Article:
The impact of atmospheric circulation on the chemistry of the hot Jupiter HD 209458b
Astronomy and Astrophysics
EDP Sciences for European Southern Observatory (ESO)
We investigate the effects of atmospheric circulation on the chemistry of the hot Jupiter HD 209458b. We use a simplified dynamical model and a robust chemical network, as opposed to previous studies which have used a three dimensional circulation model coupled to a simple chemical kinetics scheme. The temperature structure and distribution of the main atmospheric constituents are calculated in the limit of an atmosphere that rotates as a solid body with an equatorial rotation rate of 1 km/s. Such motion mimics a uniform zonal wind which resembles the equatorial superrotation structure found by three dimensional circulation models. The uneven heating of this tidally locked planet causes, even in the presence of such a strong zonal wind, large temperature contrasts between the dayside and nightside, of up to 800 K. This would result in important longitudinal variations of some molecular abundances if the atmosphere were at chemical equilibrium. The zonal wind, however, acts as a powerful disequilibrium process. We identify the existence of a pressure level of transition between two regimes, which may be located between 100 and 0.1 mbar depending on the molecule. Below this transition layer, chemical equilibrium holds, while above it, the zonal wind tends to homogenize the chemical composition of the atmosphere, bringing molecular abundances in the limb and nightside regions close to chemical equilibrium values characteristic of the dayside, i.e. producing an horizontal quenching effect in the abundances. Reasoning based on timescales arguments indicates that horizontal and vertical mixing are likely to compete in HD 209458b's atmosphere, producing a complex distribution where molecular abundances are quenched horizontally to dayside values and vertically to chemical equilibrium values characteristic of deep layers.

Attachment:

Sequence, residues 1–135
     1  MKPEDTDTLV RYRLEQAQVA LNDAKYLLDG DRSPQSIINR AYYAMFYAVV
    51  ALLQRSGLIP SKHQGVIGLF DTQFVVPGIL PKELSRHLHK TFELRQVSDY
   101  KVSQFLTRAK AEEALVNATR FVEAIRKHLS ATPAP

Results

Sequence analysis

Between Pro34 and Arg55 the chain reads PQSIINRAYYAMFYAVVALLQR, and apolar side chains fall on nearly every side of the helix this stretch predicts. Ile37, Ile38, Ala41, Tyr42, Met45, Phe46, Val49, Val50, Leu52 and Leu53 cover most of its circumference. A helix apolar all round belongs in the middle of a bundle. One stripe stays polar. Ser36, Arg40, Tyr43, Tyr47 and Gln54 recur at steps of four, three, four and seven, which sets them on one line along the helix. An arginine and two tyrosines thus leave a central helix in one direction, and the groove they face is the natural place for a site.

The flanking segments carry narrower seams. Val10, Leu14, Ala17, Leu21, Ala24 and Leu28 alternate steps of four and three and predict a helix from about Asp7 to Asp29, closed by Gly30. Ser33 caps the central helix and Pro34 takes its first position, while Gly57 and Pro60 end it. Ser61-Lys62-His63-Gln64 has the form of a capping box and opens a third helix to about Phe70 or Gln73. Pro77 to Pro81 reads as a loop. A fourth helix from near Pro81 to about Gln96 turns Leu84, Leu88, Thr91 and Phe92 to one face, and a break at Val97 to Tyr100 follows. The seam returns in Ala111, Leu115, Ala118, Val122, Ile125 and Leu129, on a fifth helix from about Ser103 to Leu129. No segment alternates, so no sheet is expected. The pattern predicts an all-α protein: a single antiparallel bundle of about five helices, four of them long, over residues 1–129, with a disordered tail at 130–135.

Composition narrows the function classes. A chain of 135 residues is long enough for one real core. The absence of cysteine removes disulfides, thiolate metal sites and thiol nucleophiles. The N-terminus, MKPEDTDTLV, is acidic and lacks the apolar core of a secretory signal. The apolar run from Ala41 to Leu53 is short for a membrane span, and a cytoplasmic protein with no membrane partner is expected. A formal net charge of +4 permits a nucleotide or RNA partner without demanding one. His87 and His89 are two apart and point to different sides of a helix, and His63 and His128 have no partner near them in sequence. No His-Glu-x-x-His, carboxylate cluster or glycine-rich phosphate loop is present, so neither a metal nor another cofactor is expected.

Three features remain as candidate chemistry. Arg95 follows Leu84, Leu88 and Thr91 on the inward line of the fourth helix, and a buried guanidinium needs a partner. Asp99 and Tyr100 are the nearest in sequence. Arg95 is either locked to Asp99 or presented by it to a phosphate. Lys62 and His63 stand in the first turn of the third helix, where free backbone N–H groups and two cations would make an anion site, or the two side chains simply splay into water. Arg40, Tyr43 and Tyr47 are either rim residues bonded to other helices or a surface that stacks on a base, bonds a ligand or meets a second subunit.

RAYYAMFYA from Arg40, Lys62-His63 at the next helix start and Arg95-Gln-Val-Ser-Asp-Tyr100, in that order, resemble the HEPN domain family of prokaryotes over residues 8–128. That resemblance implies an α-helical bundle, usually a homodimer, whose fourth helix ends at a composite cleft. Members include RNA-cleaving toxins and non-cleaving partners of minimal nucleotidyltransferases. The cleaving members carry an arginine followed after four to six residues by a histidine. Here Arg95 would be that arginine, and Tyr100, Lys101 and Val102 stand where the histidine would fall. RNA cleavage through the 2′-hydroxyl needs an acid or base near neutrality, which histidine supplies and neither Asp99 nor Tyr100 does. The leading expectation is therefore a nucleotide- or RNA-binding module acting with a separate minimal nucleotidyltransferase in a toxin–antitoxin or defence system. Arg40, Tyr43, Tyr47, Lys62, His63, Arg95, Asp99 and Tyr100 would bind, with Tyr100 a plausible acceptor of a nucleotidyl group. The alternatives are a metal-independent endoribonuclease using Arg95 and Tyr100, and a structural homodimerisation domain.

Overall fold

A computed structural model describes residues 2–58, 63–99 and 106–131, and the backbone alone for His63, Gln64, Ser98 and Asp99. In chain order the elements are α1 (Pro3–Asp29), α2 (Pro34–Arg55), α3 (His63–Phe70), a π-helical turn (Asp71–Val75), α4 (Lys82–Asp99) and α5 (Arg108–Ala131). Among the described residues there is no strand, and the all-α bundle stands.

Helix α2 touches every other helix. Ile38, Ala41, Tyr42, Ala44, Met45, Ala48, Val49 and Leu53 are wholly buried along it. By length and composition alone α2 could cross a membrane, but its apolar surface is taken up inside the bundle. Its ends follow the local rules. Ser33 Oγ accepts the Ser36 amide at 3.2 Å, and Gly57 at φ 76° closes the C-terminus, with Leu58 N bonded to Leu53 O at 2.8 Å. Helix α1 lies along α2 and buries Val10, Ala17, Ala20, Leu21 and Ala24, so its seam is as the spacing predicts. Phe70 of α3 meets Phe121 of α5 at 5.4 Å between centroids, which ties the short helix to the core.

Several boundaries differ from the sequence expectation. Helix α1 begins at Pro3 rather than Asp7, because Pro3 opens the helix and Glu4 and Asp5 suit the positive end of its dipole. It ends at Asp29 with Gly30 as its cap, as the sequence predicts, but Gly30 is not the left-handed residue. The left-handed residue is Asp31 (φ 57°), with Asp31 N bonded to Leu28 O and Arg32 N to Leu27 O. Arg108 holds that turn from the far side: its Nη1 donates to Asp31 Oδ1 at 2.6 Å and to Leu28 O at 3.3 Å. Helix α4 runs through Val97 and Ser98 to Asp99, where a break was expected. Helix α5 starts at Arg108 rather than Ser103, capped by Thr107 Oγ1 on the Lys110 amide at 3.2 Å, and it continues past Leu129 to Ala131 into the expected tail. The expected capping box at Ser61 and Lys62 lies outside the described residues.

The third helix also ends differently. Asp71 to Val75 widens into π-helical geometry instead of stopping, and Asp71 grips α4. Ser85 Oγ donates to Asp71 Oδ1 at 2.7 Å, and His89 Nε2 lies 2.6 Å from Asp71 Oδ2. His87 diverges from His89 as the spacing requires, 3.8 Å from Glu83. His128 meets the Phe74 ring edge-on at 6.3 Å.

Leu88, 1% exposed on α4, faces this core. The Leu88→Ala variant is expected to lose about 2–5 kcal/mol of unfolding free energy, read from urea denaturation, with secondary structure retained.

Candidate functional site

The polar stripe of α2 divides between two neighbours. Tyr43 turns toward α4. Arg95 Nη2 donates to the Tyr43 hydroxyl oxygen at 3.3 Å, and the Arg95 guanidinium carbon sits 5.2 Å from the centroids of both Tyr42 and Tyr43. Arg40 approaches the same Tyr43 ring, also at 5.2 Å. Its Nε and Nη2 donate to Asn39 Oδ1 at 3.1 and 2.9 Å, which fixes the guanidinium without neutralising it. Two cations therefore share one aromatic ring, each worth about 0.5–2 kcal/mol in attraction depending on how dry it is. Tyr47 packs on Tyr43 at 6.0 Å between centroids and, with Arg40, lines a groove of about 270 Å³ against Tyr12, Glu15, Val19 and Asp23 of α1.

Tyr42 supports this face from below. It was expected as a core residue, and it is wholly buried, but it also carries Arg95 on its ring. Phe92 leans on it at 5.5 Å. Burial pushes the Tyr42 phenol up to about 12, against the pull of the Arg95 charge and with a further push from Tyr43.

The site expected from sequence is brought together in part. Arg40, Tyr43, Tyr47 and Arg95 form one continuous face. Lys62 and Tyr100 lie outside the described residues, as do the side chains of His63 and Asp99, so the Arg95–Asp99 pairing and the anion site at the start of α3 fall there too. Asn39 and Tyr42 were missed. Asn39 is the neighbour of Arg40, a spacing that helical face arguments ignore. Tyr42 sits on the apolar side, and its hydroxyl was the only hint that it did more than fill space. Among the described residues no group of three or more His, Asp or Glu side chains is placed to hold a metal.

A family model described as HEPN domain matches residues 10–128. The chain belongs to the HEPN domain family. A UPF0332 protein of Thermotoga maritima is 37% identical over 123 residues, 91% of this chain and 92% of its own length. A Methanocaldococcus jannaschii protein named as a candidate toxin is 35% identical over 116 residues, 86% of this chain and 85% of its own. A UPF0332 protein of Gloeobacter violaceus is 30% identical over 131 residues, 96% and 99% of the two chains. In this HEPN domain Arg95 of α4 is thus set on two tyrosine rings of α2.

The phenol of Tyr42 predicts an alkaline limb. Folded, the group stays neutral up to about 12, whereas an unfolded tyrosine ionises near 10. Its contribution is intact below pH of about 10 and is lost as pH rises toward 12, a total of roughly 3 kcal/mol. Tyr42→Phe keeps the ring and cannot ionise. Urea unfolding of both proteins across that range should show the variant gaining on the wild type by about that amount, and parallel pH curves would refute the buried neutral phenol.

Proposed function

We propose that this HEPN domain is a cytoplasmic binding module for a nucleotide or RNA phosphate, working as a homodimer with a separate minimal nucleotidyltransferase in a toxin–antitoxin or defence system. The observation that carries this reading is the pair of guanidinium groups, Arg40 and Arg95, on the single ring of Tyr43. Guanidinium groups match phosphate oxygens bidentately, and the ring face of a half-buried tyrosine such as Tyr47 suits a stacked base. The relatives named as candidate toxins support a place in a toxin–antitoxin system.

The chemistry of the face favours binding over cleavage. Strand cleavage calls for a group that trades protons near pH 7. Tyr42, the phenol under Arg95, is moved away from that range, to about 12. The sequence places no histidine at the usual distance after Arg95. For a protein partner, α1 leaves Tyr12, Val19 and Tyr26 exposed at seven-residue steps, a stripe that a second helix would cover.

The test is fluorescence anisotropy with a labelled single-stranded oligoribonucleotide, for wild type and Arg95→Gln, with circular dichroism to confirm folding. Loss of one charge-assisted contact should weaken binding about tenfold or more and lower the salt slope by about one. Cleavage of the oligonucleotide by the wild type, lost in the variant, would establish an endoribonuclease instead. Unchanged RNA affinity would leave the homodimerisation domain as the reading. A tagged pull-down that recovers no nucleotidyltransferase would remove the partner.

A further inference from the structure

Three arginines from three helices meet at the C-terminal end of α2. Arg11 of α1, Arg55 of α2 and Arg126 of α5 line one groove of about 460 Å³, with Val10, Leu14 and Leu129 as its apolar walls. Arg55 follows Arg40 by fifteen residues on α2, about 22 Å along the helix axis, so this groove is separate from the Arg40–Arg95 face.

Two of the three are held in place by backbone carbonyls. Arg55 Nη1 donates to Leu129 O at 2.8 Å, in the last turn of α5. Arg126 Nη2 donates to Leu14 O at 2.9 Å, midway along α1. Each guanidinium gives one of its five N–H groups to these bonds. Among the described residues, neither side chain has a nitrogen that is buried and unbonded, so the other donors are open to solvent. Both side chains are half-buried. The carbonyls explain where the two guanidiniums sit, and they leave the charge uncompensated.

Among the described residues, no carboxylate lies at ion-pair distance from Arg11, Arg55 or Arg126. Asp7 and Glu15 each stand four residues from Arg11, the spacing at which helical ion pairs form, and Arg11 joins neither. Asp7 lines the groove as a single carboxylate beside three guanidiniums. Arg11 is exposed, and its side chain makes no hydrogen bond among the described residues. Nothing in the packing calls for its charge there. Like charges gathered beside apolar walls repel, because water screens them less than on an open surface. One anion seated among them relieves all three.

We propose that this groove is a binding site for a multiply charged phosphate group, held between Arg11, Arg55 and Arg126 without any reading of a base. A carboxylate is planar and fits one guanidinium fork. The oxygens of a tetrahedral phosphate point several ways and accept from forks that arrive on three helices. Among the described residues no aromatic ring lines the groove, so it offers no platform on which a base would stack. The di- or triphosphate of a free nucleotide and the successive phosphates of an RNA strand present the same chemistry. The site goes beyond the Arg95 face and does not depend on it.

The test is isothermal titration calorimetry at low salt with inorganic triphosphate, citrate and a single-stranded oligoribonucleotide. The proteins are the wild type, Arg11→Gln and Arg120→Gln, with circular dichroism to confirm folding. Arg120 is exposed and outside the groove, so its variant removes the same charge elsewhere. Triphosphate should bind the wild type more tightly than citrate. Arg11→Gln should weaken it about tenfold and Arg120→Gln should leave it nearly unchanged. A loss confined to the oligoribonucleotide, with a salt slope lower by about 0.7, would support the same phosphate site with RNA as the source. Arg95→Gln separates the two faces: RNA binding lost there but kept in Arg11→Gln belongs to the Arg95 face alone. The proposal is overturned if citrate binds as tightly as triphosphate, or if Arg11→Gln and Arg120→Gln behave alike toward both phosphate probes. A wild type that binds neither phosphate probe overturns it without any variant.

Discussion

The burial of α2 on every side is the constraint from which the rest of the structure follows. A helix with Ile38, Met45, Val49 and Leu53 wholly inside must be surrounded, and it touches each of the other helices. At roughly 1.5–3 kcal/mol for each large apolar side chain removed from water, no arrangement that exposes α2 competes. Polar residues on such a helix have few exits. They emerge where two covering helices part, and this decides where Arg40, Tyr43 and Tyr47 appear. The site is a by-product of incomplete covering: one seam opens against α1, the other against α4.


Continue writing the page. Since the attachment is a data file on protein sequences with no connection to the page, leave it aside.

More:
M.A., O.V., F.S., and E.H. acknowledge support from the European Research Council (ERC Grant 209622: E3ARTHs). Computer time for this study was provided by the computing facilities MCIA (Mésocentre de Calcul Intensif Aquitain) of the Université de Bordeaux and of the Université de Pau et des Pays de l’Adour. We thank the anonymous referee for a constructive report that helped to improve this manuscript.
This is the author accepted manuscript. The final version is available from EDP Sciences via the DOI in this record.
Vol. 48, article A73